Story richard Truesdell / Images Richard Truesdell and Edward Peghin

Corvettes and television go together like tea and honey, going all the way back to the Corvette’s inception in 1953, when both were in their infancy.

To many, the connection reached its height with Route 66, which ran from 1960 to 1964 on the CBS network. Tod (Martin Milner) and Buz (George Maharis, whose character was later replaced by Linc, played by Glenn Corbett) took to the highway and the Corvette was forever linked to the Mother Road.

In the years since, Corvettes have starred in prominent roles in dozens of other TV programs, movies, and popular culture.

At the same time that Tod and Linc drove off into the sunset, there was a Corvette that was to become an icon of the marque, the Grand Sport. Developed by Zora Arkus-Dontov, it was a lightweight racing version of the Corvette whose styling mirrored the then-new C2 Sting Ray. Over the years, countless Grand Sport replicas and tributes have been built, some based on C2 Corvettes, others on custom frames.

But what if you could combine the styling cues of the original Grand Sport, but underpin it with the state-of-the-art chassis of a C6 Corvette? That question wasn’t lost on Dan Woods, host of the popular wrenching show Chop Cut Rebuild (CCR) that airs on the SPEED Channel along with Laurent and Mike Bensaid of Corvette Specialty of California (CSOC), located in Riverside, California.

Chop Cut Rebuild works on concurrent builds over the course of 13 episodes. In its seventh season in 2010, the CCR team worked on two start-to-finish build-ups. One was a 1969 Dodge Hemi Charger; the other was a Corvette Grand Sport tribute built on a contemporary C6 chassis.

The build was planned in late 2009 and early 2010 with the design and renderings – by CSOC’s in-house artist Gaston Gardeazabal – completed in mid-February, 2010. This would give the CSOC and CCR teams less than nine months to complete the car in time for its planned debut at the 2010 SEMA Show. Dan Woods is a very hands-on host, so he had the opportunity to do something that most of us can only dream of, cutting up and modifying the bodywork on a current-generation Corvette.

While the car would be fitted with an E-Force Edelbrock supercharger, many of the segments would be centered on the extensive modifications to the body. This presented a dilemma to Woods and series director Ed Peghin, who noted, “We quickly realized that documenting the Grand Sport, or GS as we called it, would be a challenge. How much entertainment could we extract from the build of a fiberglass vehicle? Designing a vehicle out of fiberglass is a laborious and painstaking process that does not make for exciting television once the viewer understands the process. How much filler, sanding, gluing, and more sanding, sanding, sanding can we show beyond one episode?”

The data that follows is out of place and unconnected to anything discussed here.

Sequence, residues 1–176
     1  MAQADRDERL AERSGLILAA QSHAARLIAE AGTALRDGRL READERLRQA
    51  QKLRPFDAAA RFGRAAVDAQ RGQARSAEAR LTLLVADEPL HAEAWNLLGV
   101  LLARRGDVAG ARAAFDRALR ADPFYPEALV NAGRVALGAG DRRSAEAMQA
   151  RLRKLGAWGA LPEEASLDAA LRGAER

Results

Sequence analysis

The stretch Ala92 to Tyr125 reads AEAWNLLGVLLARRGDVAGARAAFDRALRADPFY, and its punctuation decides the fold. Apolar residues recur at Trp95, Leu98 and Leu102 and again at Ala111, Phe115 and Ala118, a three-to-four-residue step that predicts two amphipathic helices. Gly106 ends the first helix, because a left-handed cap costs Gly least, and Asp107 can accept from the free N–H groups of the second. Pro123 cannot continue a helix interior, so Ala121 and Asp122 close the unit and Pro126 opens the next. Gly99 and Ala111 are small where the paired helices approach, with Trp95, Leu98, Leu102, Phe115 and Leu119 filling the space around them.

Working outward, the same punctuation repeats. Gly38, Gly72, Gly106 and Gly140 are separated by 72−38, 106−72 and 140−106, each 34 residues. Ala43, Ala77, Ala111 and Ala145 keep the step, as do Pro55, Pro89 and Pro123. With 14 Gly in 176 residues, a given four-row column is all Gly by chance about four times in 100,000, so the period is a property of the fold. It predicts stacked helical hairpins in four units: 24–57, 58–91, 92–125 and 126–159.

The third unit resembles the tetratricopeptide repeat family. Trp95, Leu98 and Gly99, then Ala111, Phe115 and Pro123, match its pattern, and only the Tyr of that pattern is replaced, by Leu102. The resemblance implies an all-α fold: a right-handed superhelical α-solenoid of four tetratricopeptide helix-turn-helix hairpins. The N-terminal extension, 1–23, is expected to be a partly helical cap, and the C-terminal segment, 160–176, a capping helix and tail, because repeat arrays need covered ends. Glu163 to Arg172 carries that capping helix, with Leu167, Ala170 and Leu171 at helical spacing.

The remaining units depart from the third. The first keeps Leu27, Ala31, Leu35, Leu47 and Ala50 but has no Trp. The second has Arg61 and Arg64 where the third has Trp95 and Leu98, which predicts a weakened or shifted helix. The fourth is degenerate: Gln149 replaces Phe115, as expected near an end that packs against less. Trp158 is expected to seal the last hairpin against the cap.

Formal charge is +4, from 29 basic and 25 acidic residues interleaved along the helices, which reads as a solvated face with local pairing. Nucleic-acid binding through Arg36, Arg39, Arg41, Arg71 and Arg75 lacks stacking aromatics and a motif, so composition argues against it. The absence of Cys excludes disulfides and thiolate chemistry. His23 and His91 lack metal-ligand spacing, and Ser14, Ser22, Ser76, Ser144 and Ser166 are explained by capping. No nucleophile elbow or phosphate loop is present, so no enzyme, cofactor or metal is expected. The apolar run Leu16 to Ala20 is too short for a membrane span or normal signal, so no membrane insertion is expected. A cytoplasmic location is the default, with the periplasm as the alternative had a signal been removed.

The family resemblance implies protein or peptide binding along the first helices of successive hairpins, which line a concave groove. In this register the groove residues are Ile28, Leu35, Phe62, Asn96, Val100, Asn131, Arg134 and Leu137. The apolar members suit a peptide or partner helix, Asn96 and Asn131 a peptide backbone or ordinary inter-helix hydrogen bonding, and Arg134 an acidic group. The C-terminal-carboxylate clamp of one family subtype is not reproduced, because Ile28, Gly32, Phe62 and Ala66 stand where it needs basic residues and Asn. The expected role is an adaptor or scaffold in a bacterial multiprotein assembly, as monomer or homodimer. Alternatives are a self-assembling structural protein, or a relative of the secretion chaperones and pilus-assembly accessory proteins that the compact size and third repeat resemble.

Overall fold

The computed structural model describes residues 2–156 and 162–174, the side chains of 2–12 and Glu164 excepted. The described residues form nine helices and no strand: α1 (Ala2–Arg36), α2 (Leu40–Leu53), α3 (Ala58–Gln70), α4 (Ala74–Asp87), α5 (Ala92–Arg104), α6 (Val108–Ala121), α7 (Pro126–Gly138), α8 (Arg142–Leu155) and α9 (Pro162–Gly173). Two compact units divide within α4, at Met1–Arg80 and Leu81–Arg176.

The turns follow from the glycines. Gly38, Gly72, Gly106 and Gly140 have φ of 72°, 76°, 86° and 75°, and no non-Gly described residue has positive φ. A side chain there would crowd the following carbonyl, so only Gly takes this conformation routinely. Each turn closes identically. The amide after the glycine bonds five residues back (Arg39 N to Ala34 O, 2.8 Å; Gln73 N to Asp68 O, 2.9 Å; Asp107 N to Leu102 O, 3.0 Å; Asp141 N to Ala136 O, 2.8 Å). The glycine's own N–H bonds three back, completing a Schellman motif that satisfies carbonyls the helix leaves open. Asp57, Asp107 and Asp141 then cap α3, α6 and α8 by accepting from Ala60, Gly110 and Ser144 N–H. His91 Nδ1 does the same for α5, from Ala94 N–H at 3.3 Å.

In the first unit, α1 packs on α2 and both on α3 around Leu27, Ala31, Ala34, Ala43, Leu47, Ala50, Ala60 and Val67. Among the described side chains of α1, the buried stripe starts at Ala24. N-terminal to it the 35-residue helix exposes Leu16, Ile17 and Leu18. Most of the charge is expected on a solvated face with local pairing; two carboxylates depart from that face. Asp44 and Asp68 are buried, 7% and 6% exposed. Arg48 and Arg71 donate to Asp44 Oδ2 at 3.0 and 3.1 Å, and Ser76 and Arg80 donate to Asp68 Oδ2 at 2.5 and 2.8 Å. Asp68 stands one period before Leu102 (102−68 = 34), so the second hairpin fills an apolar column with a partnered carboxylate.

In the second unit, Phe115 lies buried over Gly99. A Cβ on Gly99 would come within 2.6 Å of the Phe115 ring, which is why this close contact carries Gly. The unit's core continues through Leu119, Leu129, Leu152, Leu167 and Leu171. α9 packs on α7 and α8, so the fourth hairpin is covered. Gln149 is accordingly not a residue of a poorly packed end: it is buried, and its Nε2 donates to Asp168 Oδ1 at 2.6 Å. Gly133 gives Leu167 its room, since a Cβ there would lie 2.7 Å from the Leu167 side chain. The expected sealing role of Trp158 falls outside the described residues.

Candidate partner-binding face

Starting on the morning of March 18, 2010, Laurent attacked the C6 ’Vette like a man on a mission. Front bumper, rear bumper, rear fenders — all removed. The rear window, gone. The interior was stripped down to its barest essentials.

With the first segments in the can, it would be a month before the CCR team would return. When they did, the CSOC team had applied the fiberglass and filler to the rear and the seductive shape, with the split-window treatment, was taking shape. Dan Woods got an education in the art in applying fiberglass, which was chronicled in front of the CCR cameras.

As the bodywork progressed, maintaining a rigid schedule, attention turned to the mechanicals. In addition to the planned modifications under the hood, the GS was treated to a comprehensive suspension upgrade with components supplied by Pfadt Race Engineering in Salt Lake City, Utah. But there was a complication in the build process.

With winter moving into spring, the economy impacted the build. Mike and Laurent had to deal with several small family-owned suppliers going out of business, threatening to derail the build process. The solution was to purchase a second Corvette to install the mechanical upgrades while the body fabrication would proceed on the initial car.

Next, the CCR team visited the Edelbrock facility in Torrance, California, to detail the fabrication of the E-Force supercharger that would add 200 horsepower to GS. For the next episode, they returned the following week to CSOC with the hardware to document the installation of the E-Force supercharger on the second C6. This was followed by the installation of Baer brakes and Rated X wheels, designed by Jason Rushforth of Rushforth Wheels in Huntington Beach, California.